Gangtey Nature Trail Hike starts from the Mani (like Chorten) stone wall to the north of the Gangtey Goenpa and ends in Khewa Lhakhang. The hike takes about 1 hour 30minutes through the pine forest and small bamboo plants. You can see the Phobjikha valley so beautifully from this hike. It is one of the best hike places for the Nature lovers. Depending on the season, you might encounter rare bird species, including the black-necked crane, which migrates to this area during the colder months.
The trail’s allure lies not only in its natural beauty but also in its cultural significance. Along the way, you might have the chance to interact with local communities and experience their way of life. The hike often takes you past quaint villages and traditional farmhouses, providing insights into the daily routines and customs of the Bhutanese people.
As you meander through the trail, keep an eye out for the diverse range of flora and fauna that call this region home. Bhutan is known for its commitment to conservation, and the Gangtey Valley is no exception.
The trail itself is well-maintained and suitable for various fitness levels, making it accessible to a wide range of hikers. Whether you’re an experienced trekker or someone seeking a more leisurely stroll, the Gangtey Nature Trail accommodates all preferences.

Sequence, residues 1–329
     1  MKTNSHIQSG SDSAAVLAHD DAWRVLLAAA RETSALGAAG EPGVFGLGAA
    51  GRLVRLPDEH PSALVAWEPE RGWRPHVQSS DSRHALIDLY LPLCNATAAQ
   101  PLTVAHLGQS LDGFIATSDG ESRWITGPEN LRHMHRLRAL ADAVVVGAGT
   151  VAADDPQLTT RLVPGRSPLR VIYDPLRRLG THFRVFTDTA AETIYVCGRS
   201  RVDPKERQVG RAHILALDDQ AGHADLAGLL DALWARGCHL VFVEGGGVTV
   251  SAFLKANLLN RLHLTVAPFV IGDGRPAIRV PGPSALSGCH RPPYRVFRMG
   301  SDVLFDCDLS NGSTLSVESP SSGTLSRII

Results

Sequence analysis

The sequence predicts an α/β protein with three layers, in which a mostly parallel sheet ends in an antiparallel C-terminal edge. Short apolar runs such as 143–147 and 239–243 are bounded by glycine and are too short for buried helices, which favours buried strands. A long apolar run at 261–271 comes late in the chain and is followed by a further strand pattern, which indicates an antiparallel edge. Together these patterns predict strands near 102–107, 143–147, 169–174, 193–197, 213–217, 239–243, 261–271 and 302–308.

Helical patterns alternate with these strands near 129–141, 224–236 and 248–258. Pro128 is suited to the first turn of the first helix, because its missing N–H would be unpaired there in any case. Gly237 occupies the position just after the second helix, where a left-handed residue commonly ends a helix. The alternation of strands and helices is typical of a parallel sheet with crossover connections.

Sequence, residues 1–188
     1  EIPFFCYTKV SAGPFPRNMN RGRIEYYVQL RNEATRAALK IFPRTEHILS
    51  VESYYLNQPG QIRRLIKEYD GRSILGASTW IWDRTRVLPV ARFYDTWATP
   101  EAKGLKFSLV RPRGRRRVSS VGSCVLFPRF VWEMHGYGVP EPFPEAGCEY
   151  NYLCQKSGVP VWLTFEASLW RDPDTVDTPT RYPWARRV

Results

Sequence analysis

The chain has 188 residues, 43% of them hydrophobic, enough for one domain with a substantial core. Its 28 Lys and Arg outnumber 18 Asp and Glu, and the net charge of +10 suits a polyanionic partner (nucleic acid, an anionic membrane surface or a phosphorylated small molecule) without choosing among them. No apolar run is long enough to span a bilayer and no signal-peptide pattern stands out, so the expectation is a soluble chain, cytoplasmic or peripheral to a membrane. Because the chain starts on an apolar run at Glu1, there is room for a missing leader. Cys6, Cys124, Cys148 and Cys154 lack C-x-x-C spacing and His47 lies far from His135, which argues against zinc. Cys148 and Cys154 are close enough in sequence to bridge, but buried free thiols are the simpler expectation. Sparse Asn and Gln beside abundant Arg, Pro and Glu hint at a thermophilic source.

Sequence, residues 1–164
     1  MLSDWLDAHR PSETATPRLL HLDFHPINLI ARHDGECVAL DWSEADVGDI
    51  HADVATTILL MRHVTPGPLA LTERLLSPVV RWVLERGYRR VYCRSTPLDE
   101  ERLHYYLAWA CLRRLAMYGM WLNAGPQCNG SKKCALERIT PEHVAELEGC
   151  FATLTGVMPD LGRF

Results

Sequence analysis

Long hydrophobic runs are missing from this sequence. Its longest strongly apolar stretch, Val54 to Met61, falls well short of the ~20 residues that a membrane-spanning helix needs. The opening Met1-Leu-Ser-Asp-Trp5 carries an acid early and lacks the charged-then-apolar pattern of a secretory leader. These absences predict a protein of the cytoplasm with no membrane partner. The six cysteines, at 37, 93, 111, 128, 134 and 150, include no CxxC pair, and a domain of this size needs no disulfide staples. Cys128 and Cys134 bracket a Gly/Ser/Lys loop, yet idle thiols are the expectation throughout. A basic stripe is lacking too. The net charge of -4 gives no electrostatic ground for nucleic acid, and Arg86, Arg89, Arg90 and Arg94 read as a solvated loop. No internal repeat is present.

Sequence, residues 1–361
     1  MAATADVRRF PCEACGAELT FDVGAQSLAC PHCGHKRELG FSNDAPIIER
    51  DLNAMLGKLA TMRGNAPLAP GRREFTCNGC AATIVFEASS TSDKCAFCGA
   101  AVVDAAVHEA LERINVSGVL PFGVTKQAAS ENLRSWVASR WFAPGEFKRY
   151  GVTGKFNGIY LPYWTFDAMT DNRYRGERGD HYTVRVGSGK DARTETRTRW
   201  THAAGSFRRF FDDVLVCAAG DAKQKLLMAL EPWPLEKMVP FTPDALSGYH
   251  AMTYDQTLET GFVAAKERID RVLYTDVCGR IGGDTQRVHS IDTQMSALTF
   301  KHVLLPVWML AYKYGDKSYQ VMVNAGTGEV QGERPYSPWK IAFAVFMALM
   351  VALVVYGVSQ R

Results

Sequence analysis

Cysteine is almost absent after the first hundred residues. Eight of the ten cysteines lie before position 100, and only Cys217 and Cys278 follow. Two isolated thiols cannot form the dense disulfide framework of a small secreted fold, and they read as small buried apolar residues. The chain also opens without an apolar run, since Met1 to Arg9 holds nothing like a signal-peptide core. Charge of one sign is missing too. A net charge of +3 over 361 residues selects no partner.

Crane Information Centers
Crane Information Center of the Royal Society for Protection of Nature (RSPN) has all the information displayed about the endangered black-necked crane and its rich environment of Phibjikha valley.
The Black Necked Cranes commonly known as “thrung thrung karm” has a sacred identity in the Bhutanese Culture. It is often cited in folklore, dances, and other historical texts. The crane festival is organized by the local communities in Phobjikha which reinforces the importance of these birds in the lives of the local people.
The best time to visit Gangtey, is in the winter months, especially November, when the Black-necked Crane Festival is held at the courtyard of Gangtey Goenpa, with local songs and masked dances celebrating the coming of Black Necked Crane.
The Khewang Lhakhang is a Vajrayana monastery that houses the statues of the Buddha of three times; past, present, and future. Ample of myth and magic are associated in lieu of the construction of Lhakhangs.
It was founded by Truku Penjor Gyeltshen. The temple is circled by the rivers all around and it is believed that there is a lake underneath the temple.
Visiting Khewang Lhakhang offers a delightful opportunity to witness playful young monks engaging in a game of football. You can engage with them, capture memorable photographs, and enjoy an enriching and interactive experience.
Wangdue Phodrang Dzong
The Wangdue Phodrang Dzong, containing some of the most sacred relics, was gutted in 2012 & reconstruction is underway. Zhabdrung Ngawang Namgyel constructed the fortress in 1643 overlooking the confluence of the Dangchhu and Punatsangchhu rivers.